Update May 22: Microsoft has put the content pack into public preview. The big news is that this update allows for a daily data refresh. See this documentation to implement the content pack for your tenant.
At the September 2016 Ignite conference, Microsoft began talking about a Power BI content pack designed to help Office 365 tenants gain insight into how engaged their users are with the various applications in the suite. You can view the Ignite session discussing the content pack as well as the blog announcement online.
Now, after several months of preview, the Office 365 Adoption Content Pack is almost ready for launch. A content pack is a collection of pre-packaged graphs and charts that can be loaded into Power BI, so this pack contains lots of graphs based on Office 365 data that collectively provide a dashboard for a tenant. The dashboard offers four overviews:
The content pack works with the free version of Power BI. The content pack will be available free of charge to all Office 365 enterprise tenants.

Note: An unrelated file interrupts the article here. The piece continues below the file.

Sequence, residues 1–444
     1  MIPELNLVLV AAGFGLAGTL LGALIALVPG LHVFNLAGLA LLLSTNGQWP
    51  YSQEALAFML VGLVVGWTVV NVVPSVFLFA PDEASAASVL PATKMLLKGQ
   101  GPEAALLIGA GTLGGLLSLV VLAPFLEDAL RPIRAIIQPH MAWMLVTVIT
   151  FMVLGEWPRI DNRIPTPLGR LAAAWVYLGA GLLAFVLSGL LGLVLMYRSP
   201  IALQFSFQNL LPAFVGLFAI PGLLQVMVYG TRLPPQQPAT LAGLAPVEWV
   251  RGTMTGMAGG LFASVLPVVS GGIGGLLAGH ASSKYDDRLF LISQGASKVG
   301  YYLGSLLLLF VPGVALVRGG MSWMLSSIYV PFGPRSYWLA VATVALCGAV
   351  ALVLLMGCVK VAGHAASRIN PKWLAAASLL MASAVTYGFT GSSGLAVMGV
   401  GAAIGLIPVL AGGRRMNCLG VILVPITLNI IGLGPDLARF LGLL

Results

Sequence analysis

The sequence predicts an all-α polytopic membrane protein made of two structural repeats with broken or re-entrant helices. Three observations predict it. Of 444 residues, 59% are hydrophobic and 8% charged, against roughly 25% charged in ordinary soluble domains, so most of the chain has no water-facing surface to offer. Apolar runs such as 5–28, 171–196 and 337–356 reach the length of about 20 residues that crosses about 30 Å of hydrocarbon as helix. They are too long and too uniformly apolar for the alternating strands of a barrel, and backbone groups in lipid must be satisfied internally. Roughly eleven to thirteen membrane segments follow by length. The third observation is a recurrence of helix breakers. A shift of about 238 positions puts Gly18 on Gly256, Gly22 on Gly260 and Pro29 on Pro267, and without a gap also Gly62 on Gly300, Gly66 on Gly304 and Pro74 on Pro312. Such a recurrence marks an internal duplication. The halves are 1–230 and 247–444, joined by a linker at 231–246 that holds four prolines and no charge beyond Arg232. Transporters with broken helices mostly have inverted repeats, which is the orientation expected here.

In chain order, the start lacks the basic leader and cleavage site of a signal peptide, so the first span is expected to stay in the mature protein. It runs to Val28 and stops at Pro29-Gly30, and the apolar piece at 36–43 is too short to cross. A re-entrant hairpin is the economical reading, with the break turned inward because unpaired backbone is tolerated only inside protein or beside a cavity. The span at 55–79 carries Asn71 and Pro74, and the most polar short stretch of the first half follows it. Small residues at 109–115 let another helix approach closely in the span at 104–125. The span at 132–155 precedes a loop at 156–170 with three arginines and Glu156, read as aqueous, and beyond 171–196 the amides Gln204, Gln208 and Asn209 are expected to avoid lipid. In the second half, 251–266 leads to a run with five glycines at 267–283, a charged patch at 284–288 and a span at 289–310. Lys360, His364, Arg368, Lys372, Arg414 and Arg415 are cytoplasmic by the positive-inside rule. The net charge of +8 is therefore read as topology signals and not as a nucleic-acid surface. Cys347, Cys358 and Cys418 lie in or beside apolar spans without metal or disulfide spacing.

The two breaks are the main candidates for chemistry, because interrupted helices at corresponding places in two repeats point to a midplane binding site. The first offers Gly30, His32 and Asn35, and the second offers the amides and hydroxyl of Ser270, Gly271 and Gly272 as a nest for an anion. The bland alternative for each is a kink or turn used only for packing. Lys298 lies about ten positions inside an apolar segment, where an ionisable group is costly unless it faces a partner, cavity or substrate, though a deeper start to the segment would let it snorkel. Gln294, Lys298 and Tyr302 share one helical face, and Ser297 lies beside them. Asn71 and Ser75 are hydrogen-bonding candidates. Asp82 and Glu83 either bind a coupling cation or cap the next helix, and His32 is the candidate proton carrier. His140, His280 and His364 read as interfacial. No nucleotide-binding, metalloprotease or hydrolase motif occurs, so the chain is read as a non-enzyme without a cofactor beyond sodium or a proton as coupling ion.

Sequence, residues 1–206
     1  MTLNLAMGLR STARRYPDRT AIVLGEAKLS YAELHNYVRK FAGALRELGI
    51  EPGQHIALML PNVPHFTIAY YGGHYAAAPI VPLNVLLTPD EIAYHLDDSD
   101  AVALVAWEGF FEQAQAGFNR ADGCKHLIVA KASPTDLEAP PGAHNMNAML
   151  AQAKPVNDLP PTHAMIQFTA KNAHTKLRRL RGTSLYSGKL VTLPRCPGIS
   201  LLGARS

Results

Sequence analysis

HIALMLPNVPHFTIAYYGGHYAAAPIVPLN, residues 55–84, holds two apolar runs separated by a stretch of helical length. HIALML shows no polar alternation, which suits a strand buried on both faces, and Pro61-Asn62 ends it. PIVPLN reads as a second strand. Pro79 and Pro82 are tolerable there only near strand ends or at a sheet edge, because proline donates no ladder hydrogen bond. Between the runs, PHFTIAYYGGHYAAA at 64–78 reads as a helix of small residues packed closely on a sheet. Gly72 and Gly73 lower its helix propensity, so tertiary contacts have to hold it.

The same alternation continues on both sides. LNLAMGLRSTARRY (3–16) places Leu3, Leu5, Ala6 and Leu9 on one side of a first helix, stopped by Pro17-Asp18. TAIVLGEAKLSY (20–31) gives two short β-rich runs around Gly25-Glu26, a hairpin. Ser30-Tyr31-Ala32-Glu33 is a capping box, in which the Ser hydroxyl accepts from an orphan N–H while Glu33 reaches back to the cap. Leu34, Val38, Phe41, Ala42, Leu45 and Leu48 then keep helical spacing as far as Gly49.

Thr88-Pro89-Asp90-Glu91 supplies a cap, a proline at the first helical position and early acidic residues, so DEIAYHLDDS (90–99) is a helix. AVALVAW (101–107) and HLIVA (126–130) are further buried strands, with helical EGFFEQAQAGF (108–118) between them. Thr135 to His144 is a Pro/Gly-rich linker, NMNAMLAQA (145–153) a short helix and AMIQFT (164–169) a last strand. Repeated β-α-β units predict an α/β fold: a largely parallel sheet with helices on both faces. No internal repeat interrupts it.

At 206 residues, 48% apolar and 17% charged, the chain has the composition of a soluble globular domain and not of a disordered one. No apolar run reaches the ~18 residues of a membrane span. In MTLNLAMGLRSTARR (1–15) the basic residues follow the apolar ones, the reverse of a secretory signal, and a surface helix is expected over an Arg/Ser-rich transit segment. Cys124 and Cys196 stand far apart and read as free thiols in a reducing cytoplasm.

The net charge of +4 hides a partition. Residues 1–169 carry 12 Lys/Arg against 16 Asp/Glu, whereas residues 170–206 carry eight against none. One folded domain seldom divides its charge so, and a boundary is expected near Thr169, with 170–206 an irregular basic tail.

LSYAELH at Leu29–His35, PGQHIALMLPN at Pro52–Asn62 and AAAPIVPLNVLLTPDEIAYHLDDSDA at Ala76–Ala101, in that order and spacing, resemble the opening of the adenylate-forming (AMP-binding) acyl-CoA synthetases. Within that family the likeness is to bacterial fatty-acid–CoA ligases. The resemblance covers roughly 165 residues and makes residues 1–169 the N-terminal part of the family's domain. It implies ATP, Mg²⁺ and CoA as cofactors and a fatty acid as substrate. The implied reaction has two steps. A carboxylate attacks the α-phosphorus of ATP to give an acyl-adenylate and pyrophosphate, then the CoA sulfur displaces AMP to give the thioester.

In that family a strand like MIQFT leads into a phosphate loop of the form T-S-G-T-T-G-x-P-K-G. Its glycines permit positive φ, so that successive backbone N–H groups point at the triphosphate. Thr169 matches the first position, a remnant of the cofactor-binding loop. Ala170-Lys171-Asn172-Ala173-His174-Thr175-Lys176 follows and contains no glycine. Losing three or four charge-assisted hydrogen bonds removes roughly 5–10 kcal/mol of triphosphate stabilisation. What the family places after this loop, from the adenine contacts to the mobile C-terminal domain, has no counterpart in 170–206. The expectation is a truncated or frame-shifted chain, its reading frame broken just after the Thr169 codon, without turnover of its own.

The content pack offers several useful overviews of usage for Exchange, OneDrive for Business, SharePoint, Skype for Business, and Yammer. The Product Usage Overview graph (Figure 1) delivers a snapshot of the use of the products available within Office 365. As always, graphs display some interesting data points to debate. For instance, 81.82% of people having accounts in the tenant use Office 365, but 81.25% use Exchange. How many people use other parts of Office 365 and never go near Exchange?
As it happens, the content pack has an answer to this question because you can go to the User Adoption by Product tab and look at the Active/Inactive Users by Product report. There we find information such as which users are active in specific products or groups of products – or are not using Office 365 much at all.
Another use of the dashboard is to look at usage trends, such as whether email traffic increases over time. It can also help you to understand changes in user behavior. For instance, if you make a determined effort to convince people to store documents in SharePoint and OneDrive and access the files there rather than attaching them to email for circulation within the company, a steady uptick in file storage should result. If it does not, then the campaign is unsuccessful and you might need to take a different approach to convince people to use “cloudy attachments”.